Wow.  Who wouldn’t want to just run out and see all these movies over and over again?

Well anyway, it’s truly gratifying to see that they’ve finally crashed and burned their whole tawdry industry and there’s nothing left to do but dig a whole and bury the whole stupid enterprise underneath that broken down Hollywood sign on the hill.  It should be interesting to see if some country that isn’t completely infected with woke imbecility manages to start making movies that people want to see.  I know it seems unlikely but honestly in the past it happened all the time.  Maybe it’ll have to be stone age people in Papua New Guinea or the Amazon jungle.  Places that have never heard of Hollywood.  Or maybe space aliens might crash land and take up movie making as a way to earn money to buy repair parts for their warp drive.  But however it happens, I’d like to think that someday we’ll do better than this crap.

The Manchurian Candidate (1962) – A Movie Review

I’ll start off by saying this is a terrible movie.  But maybe it’s so bad it’s good.

Frank Sinatra is an Army Major named Bennett Marco who is captured along with his platoon during the Korean War and sent into China to be brainwashed to be part of a political assassination plot that the Russians have arranged.  The platoon sergeant Raymond Shaw is the assassin and as it turns out his mother, played by Angela Lansbury, is the Russian agent who is his handler.  He is programmed to obey instructions that he gets after he’s been triggered by seeing the ace of diamonds during a solitaire game.  His mother is married to a United States Senator that she is going to get elected President by having her son assassinate the Republican presidential candidate.  If this isn’t crazy enough, his mother gets Shaw to assassinate his own newlywed wife and her United States Senator father in order to further the plan.

So, the plot is pretty crazy but it’s kind of fun in a way because of the way they present it.  We get these flash backs of the brainwashing camp.  The Russian doctor demonstrates the control he has over the prisoners by having Shaw kill two of the other prisoners on command.  And based on the false memories that are implanted in the prisoners Shaw gets the Congressional Medal of Honor for supposedly freeing them and killing some ridiculous number of North Korean troops.

Now this could have been a political thriller that works.  But the acting is unbelievably bad.  Some of the dialog is borderline ridiculous.  For instance, Janet Leigh plays a woman who meets Sinatra accidentally on a train and within a day she bails him out of jail for assaulting a Korean house boy and still decides to leave her fiancé to marry him.  And then there is this hilarious karate fight between Sinatra and a fake Korean guy.  It’s like something out of one of the Austin Powers movies.  One of his karate chops misses and ends up knocking an enormous chunk out of a wooden table.  But it looks as if it’s made of styrofoam.  I think that fight may have been the inspiration for Inspector Clouseau’s battles against his Oriental House Boy Kato in the Pink Panther movies.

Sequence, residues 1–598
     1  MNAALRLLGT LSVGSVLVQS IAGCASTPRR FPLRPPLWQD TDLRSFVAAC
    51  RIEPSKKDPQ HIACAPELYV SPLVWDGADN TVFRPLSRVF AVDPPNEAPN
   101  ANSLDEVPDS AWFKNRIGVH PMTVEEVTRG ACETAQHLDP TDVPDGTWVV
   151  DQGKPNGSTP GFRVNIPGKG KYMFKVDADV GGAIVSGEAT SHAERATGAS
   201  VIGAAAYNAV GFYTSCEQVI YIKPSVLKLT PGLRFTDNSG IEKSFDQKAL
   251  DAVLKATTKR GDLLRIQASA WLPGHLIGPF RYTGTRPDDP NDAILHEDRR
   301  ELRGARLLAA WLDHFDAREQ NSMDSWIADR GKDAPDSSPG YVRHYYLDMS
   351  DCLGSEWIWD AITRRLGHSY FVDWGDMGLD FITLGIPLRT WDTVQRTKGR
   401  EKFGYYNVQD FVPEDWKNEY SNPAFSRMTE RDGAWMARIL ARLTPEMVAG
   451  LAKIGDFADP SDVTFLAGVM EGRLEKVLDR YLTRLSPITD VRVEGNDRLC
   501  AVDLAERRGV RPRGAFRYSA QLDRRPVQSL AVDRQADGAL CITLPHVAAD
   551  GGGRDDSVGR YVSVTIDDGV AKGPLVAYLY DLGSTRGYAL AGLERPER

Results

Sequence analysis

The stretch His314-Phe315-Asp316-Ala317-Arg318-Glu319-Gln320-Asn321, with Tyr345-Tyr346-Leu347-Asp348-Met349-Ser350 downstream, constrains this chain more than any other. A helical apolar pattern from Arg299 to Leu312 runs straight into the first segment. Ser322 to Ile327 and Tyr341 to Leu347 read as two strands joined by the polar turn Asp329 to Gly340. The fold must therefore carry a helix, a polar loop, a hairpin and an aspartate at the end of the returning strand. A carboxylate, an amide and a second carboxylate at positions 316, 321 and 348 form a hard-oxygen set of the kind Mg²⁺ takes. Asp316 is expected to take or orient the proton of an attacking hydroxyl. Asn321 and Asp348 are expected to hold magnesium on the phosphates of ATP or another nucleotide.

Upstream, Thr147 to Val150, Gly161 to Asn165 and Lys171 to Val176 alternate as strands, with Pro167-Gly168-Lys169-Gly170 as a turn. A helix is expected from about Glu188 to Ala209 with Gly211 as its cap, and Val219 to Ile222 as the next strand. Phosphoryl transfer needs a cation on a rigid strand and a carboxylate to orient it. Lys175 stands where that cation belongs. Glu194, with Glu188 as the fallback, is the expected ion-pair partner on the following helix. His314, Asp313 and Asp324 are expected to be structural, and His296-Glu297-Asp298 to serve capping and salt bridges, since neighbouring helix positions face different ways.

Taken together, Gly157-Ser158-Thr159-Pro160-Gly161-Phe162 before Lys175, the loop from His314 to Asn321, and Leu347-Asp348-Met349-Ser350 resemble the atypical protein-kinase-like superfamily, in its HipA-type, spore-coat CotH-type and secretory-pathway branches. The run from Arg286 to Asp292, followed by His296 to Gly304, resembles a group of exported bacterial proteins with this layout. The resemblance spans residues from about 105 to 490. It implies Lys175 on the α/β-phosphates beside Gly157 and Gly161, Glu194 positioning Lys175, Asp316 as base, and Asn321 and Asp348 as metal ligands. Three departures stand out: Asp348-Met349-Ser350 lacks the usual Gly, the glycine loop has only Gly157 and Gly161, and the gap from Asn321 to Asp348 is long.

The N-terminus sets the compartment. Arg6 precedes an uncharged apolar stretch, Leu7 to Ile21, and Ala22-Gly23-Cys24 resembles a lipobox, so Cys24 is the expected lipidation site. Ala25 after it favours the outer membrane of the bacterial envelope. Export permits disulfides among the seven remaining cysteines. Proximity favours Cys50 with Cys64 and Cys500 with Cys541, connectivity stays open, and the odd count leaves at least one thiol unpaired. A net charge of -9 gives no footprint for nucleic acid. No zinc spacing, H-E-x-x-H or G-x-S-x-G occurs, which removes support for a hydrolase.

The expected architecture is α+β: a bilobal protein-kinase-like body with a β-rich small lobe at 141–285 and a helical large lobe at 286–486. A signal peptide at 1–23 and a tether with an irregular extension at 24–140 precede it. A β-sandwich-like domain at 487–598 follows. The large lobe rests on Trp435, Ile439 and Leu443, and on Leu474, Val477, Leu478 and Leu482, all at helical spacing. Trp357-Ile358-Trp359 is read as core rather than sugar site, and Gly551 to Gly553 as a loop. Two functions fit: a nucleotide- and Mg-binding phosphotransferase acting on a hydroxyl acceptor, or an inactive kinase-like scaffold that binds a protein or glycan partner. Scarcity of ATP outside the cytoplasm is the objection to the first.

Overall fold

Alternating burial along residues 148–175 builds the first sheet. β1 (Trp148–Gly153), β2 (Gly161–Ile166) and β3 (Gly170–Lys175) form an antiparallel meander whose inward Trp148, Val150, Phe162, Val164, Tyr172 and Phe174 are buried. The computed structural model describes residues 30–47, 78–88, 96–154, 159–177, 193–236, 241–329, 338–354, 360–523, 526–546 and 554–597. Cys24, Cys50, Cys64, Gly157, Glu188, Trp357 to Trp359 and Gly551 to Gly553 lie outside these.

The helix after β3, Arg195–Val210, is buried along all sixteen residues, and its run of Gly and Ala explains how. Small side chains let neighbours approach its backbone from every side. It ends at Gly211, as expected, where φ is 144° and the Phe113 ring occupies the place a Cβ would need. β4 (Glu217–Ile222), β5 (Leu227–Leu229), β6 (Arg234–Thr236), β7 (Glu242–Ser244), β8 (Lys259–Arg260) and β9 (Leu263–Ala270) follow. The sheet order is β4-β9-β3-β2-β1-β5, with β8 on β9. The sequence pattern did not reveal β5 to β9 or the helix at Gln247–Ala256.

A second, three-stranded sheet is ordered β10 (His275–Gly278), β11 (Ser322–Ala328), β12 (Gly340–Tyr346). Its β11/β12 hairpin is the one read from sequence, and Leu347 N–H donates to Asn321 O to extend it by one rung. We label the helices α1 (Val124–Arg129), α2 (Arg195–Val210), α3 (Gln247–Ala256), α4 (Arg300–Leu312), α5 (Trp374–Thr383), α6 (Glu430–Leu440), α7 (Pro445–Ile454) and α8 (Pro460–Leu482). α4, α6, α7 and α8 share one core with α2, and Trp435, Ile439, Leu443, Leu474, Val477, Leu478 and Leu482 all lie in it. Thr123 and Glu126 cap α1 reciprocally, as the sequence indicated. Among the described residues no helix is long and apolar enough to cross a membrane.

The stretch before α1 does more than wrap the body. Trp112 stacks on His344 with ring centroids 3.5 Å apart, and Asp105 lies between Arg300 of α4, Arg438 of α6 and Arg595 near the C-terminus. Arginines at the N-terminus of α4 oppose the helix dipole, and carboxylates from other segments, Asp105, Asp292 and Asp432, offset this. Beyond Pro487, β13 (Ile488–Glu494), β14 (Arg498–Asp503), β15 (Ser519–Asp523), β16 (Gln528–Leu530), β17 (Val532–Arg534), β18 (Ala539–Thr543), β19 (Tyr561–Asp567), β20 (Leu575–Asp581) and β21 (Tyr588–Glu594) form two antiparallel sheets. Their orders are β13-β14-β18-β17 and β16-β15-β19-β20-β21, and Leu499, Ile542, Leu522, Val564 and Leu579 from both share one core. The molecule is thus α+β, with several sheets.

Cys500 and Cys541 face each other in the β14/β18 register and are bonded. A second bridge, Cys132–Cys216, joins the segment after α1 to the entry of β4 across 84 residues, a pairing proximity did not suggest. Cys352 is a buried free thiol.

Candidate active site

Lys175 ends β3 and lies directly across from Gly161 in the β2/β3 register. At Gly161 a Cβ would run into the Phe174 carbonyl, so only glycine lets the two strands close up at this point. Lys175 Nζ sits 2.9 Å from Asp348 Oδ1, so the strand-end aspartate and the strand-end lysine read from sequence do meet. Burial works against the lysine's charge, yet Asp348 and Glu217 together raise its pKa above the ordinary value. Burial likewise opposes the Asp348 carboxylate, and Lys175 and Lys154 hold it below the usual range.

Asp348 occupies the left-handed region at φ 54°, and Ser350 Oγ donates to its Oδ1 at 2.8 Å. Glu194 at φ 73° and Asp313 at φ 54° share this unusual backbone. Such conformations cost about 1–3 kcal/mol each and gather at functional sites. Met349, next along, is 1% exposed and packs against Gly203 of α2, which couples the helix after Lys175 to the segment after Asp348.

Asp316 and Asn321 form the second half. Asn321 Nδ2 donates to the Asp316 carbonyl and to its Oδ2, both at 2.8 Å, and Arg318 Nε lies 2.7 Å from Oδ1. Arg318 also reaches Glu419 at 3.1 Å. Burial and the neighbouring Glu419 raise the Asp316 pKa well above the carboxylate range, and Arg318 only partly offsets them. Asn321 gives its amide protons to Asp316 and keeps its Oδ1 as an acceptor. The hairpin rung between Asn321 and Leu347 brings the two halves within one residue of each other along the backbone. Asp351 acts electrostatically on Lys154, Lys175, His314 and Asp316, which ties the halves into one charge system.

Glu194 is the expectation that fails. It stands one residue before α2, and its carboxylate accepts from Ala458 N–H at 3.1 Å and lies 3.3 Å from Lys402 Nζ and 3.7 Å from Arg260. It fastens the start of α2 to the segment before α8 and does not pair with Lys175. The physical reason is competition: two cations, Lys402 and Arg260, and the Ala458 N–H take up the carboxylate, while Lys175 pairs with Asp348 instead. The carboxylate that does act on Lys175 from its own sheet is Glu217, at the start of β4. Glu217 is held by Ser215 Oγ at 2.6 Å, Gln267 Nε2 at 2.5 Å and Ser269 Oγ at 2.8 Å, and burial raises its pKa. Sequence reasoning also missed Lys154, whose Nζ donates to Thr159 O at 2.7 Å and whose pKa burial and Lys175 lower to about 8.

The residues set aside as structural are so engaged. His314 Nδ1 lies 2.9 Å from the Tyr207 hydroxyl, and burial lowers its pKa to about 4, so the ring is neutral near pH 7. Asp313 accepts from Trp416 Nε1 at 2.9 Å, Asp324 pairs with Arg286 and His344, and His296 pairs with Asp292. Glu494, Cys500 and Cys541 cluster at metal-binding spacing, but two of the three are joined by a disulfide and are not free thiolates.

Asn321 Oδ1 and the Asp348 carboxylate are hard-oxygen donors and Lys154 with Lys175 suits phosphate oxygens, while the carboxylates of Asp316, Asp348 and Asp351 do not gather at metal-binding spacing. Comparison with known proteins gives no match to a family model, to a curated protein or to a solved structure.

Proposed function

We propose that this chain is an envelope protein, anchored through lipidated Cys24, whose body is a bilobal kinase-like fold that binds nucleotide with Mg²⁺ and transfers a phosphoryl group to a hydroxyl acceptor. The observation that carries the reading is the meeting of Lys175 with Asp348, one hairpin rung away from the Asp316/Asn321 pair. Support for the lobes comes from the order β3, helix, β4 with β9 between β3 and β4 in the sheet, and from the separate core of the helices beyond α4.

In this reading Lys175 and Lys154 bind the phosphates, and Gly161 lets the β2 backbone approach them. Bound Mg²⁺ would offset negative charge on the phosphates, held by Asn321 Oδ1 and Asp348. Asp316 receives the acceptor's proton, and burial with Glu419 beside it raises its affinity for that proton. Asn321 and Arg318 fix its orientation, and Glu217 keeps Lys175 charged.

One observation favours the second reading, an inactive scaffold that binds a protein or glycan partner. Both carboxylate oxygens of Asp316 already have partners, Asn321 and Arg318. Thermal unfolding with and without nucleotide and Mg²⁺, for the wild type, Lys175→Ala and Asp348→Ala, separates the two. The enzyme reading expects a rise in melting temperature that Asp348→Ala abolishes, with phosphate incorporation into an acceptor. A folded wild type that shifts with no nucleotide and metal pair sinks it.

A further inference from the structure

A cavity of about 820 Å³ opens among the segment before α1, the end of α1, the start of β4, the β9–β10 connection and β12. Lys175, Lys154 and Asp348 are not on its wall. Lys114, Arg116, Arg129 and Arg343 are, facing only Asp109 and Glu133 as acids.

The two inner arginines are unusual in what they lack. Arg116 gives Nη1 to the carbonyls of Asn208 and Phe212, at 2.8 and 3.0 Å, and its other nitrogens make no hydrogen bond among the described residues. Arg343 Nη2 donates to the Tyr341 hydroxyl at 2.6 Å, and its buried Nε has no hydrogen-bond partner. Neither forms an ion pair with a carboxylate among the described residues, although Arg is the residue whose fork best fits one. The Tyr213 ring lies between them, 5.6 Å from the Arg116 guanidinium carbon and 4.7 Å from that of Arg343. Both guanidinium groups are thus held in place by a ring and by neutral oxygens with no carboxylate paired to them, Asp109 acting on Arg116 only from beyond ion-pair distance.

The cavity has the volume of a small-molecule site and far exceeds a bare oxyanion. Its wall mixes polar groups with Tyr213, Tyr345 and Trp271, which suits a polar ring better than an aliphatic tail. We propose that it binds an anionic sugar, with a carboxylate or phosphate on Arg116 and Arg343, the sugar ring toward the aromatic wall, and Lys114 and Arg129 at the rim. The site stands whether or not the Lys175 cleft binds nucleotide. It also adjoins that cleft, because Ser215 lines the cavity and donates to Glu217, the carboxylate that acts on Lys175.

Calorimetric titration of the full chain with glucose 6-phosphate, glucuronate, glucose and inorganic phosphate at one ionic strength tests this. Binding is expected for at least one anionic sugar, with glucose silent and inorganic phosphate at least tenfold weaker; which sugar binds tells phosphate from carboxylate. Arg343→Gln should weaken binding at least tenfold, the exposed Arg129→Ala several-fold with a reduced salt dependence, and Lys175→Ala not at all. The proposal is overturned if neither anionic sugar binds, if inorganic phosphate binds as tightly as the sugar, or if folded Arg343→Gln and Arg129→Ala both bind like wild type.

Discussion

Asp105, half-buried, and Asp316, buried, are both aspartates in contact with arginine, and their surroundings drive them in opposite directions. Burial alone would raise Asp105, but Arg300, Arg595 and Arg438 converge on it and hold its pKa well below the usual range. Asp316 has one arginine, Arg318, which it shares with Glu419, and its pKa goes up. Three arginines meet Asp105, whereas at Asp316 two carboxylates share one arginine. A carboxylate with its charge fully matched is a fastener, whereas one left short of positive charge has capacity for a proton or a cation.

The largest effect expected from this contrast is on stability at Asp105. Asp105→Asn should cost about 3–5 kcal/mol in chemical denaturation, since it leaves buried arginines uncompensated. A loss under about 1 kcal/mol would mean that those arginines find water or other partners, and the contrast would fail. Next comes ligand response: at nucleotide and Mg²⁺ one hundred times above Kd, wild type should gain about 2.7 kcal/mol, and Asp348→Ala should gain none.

I read that this is considered to be in several top 100 film lists.  I guess there’s no accounting for taste.

On a personal note, there is a scene in the movie that was filmed in a restaurant in Manhattan called Jilly’s.  Jilly Rizzo, the owner of the restaurant and the guy who is seen tending bar in the movie was one of Sinatra’s closest friends.  Jilly was convicted in 1990 of a loan fraud scheme on his restaurant that involved some very old acquaintances of mine.  And some of these acquaintances worked at Jilly’s and even knew Sinatra from his visits there.  I think the fraud scheme and this movie are in some ways kindred entities.  They both possess a spirit of inept dishonesty.  A bungled fraud.

So, this movie has a personal connection for me.  But that in no way changes my opinion of its quality.  If I remember correctly Sinatra did sometimes do some decent acting.  I’m going to watch “The Joker is Wild” again because I think he was pretty good in that.  I never noticed any acting going on in Ocean’s Eleven.  People say he was good in “From Here to Eternity.”  That part seemed a little melodramatic to me.  “The Man with the Golden Arm” never interested me.  Maybe he was good in it.  But without a doubt, The Manchurian Candidate was abysmally bad.

Recommended only as camp.

09APR2021 – OCF Update – Life Imitates Art

On such a beautiful day I naturally decided to spend it extracting thorn brambles and Russian olive trees with a shovel and a 6 foot pry bar.  After a couple of hours of sweat and back ache I remembered a line from the movie “Treasure of the Sierra Madre.”

Curtin:  What are you going to do with your hard-earned money old timer when you get back and cash in?

Howard:  I’m getting along in years.  Oh, I can still hold up my end when it comes to a hard day’s work but I ain’t the man I was once, and next year, next month, next week I won’t be the man I am today.  Reckon I’ll find me some quiet place to settle down.  Buy a business maybe … a grocery or a hardware store, and spend the better part of my time reading comic strips and adventure stories.  One thing’s for sure … I ain’t going to go prospecting again and waste my time and money trying to find another gold mine.

I certainly know what Howard was talking about in that scene.

Anatomy of a Murder (1959) – A Movie Review

Jimmy Stewart is small town attorney Paul Biegler in Upper Peninsula Michigan who is defending Army Lt. Frederick Manion (played by Ben Gazzara) who has shot and killed a man, Barney Quill, after he raped Manion’s wife Laura.  The prosecution in this case, Asst. State Atty. General Claude Dancer is played by George C. Scott.  Biegler is trying to prove that Lt. Manion killed his wife’s attacker while in a dissociative state because of his shock at his wife’s attack.  The prosecution has a two-fold job.  They try to convince the jury that Lt. Manion was in his right mind when he shot Quill and also that Mrs. Manion was an unfaithful wife and was voluntarily involved with her attacker.